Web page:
(END VIDEO CLIP)
BEE: Defunding the police means we can significantly scale back police budgets over time; which will allow us to relocate that money to things that actually keep our communities safe, like education, mental health care, affordable housing, and violence prevention programs. All things that can help reduce crime in the long run. America spends a combined $115 billion on policing. Atlanta, Baltimore, Chicago, Detroit, Houston, Los Angeles, Minneapolis, Oakland, and Orlando all spend more than a quarter of their general funds on policing. In New York City, the NYPD budget is almost $6 billion, more than the funding for health, homeless services, youth development, and work force development combined, and half a billion just goes to the rings our cops make de Blasio kiss. Some cities have recently responded to public pressure and started rethinking their police budgets. It’s still not enough. Last week, Los Angeles Mayor Eric Garcetti announced he would cut $150 million from the LAPD’s budget; which still gives the department $1 billion. Do you have any idea what you could do with $1 billion? You could buy the Miami Marlins and replace them with actual marlins. The police don’t need that much money. We don’t need more lethal weapons and not just the Mel Gibson kind. Although that kind, too. Crime rates have been steadily going down since the 90s, just like your mom. What? No, not the time? Opposite of the time? Okay. Defunding the police is just the start. We also need to change how police officers are used at all.
(BEGIN VIDEO CLIPS)
ALEX VITALE: In many cases, the solution to some of the problems with policing is not rejiggering what we do but to just quit using police for that function altogether.
FELICIANO: Although police have little training in mental health, about 10 percent of police interactions involve a person with a mental illness and one in four people with mental disorder have histories of arrest.
(END VIDEO CILPS)
BEE: Sending a police officer to deal with a mental health crisis is like sending me to host John Krasinski’s “Some Good News.” I got nothing. Even former Dallas Police Chief David Brown agrees that the cops shouldn’t be getting called for every situation.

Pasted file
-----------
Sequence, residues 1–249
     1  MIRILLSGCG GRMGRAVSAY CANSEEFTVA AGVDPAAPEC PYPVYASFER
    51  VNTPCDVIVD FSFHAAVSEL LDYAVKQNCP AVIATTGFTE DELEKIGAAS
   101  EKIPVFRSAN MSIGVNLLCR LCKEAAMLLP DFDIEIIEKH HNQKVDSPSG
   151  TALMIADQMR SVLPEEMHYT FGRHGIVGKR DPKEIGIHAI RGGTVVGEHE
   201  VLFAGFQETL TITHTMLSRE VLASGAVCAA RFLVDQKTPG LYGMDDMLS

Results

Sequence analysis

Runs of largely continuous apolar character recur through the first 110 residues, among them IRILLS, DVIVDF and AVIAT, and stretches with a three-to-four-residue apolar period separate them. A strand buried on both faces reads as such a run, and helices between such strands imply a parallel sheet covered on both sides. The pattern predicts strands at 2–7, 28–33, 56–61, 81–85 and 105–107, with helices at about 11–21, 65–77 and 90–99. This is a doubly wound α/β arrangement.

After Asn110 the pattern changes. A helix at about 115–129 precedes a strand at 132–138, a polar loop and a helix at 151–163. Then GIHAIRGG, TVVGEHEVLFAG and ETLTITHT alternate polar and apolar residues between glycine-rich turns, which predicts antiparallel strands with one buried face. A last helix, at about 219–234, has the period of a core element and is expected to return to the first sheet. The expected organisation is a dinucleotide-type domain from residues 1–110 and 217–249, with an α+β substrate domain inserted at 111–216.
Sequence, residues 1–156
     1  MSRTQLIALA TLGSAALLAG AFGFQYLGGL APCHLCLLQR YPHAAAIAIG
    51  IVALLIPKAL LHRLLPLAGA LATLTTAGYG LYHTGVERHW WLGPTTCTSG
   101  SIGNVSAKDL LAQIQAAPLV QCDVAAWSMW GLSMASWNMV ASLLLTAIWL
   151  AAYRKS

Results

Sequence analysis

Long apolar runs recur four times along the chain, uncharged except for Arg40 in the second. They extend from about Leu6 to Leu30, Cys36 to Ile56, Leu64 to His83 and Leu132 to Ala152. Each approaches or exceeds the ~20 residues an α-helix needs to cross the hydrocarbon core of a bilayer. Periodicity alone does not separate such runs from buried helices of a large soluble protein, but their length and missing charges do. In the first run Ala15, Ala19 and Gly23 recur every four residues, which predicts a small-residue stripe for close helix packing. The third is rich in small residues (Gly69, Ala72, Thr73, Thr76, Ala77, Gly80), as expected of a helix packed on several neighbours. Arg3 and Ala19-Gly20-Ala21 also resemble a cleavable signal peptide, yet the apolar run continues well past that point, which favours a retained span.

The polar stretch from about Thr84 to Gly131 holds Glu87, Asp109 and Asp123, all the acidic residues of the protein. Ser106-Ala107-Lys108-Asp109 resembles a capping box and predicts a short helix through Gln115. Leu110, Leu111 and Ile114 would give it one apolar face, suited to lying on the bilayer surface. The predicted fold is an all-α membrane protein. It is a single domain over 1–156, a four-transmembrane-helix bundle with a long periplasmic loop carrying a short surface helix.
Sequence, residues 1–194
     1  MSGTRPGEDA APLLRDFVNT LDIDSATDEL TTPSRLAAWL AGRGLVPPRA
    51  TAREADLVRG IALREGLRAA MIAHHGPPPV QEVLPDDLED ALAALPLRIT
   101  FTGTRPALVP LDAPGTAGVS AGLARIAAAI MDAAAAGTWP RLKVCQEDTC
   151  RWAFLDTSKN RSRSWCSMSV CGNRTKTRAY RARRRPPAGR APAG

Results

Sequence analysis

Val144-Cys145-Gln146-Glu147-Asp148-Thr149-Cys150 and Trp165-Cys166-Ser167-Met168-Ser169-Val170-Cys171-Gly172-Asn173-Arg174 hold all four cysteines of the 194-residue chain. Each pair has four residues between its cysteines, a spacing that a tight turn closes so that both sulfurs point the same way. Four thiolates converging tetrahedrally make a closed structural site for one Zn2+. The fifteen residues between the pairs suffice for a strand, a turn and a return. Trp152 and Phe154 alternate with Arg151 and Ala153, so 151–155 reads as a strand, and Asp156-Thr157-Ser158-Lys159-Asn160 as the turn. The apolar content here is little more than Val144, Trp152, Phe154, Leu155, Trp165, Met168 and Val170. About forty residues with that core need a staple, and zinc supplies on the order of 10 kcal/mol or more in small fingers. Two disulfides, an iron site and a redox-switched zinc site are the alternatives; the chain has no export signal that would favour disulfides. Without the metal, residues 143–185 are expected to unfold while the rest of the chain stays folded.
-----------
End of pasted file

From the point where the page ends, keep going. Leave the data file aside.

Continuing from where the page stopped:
(BEGIN VIDEO CLIP)
DAVID BROWN: Every societal failure, we put it off on the cops to solve. Not enough mental health funding? Let the cop handle it. Not enough drug addiction funding? Let’s give it to the cops. Here in Dallas, we got a loose dog problem. Let’s have the cops chase loose dogs.
(END VIDEO CLIP)
BEE: You know what, I’m almost fine with the police chasing loose dogs because then maybe we could solve the cold case of “who let the dogs out?” Who, Commissioner? Who? Who? Who? Who? Who? Fortunately, some cities like Dallas are already dispatching social workers to respond to certain 9-1-1 calls and it’s working. People are getting mental health care instead of being sent to jail; which helps everybody. Other major cities like New York, Chicago, Detroit, L.A. and D.C. have violence interruption programs that aim to train people in their communities to defuse conflicts before they escalate and guess what? Those programs are also working. Look, I know a lot of this sounds hard. No shit, it is. But we can’t afford to keep dismissing the best ideas just because they make people feel uncomfortable or because they aren’t politically popular and there are concrete steps we can take toward defunding right now. Movements in New York, Minneapolis, Los Angeles, Oakland, Philadelphia, Nashville, and Austin are already making progress pressuring their mayors and city councils to divest funding from police departments and then reinvest it where it’s needed. You can go to SamanthaBee.com/TakeAction to get more information on the movements in each of those cities plus resources to contact key officials in your state. Even if you don’t live in those cities, start talking to your elected officials about budget justice yourself. Call, e-mail, get creative. Just don’t stand outside Bill de Blasio’s window holding up a boom box blasting “F*** the police.” He’s already horny enough for them as it is. Defunding the police isn’t a far-fetched idea. Some cities have already taken steps in that direction and no developed country polices people like America does. We have to be willing to reimagine a better world. Black lives are depending on it.